Caught in gang war on school run

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Silent Earth

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Caught in a gang war on the school

run

One mother’s terrifying account of why her middle-class

neighbourhood suddenly doesn’t feel so safe any more...

By Lisa Brinkworth

Last updated at 8:15 AM on 8th March 2012

Walking home from school, my two eldest sons, then aged four and five, were chomping

their way through Rice Krispie cakes bought at a school sale, while I pushed their baby

brother in a pram beside them.

Typically for 3.30pm in the part of North-West London where we live, the pavements were

awash with children and pushchairs. This area, with its wide tree-lined avenues, smart family

homes and good schools, is hugely popular with young families.

We were almost home when four-year-old Zach pleaded to be allowed to put the rest of his

cake money towards his favourite Fireman Sam magazine.

We’d just left our local newsagent’s, magazine firmly in my little son’s hand, when we

suddenly found ourselves in the middle of a 12-strong gang of hooded youths who were

chasing a girl who looked no older than 14.

One grabbed her and started battering her with an umbrella, but she managed to get away.

Then the youths gave chase, throwing bottles and shouting obscenities. It looked as though

they meant to kill her.

As members of a rival gang appeared from nowhere, bottles rained down all around us.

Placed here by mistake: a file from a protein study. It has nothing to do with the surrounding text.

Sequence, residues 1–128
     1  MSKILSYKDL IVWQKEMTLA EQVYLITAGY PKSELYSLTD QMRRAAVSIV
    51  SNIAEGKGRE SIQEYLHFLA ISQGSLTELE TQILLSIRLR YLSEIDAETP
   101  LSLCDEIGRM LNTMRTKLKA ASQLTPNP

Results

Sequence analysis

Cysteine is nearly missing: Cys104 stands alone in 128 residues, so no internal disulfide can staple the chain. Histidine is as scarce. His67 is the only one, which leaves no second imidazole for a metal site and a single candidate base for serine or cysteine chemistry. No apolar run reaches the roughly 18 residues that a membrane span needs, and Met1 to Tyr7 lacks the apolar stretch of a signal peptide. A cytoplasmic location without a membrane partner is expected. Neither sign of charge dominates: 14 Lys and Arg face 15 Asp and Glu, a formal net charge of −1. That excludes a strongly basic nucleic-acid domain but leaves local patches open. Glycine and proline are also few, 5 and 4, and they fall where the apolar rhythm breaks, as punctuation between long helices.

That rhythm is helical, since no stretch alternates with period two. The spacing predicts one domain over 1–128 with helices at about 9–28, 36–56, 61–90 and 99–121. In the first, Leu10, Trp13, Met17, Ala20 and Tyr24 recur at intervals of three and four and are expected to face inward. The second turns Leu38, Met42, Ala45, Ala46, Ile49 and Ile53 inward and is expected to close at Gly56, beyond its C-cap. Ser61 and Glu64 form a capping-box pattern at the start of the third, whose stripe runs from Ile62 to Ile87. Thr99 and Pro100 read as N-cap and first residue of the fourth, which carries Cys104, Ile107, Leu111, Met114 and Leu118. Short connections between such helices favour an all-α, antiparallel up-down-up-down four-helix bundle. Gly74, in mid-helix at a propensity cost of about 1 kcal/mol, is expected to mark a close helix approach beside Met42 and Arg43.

When one ricocheted off the pram canopy — waking my one-year-old with a start — I froze.

A bottle skimmed Zach’s head, missing him by millimetres,

glass smashing around his feet - later I found shards in his

shoes

As a journalist, I’d devoted years to infiltrating London’s violent teenage gangs, and filmed

two TV documentaries on the subject. Slowly gaining their confidence, I got close to several

of the hardest gang members, entering drug dealer-controlled ‘no-go’ zones where even the

police wouldn’t venture.

I’d wanted to understand what triggered their anti-social behaviour and to help them

articulate their feelings without resorting to violence. But as a mother of three vulnerable

children terrified by this pack of youths, my overwhelming instinct was to protect my

offspring.

Grabbing my sons and frantically pushing the pram with one hand, I rushed to get them

home as quickly as possible. Then to my horror, Zach broke free of my grip and blindly ran

back into what was now a full-on turf war.

he’d dropped his magazine, which had been trampled underfoot, its pages scattered across

the pavement. Oblivious to the mayhem, he attempted to gather it up as tears rolled down

his cheeks.

Terrified for him, I pulled the pram and my five-year-old back towards where Zach now stood

rooted to the spot as more gang members came tearing up a side street.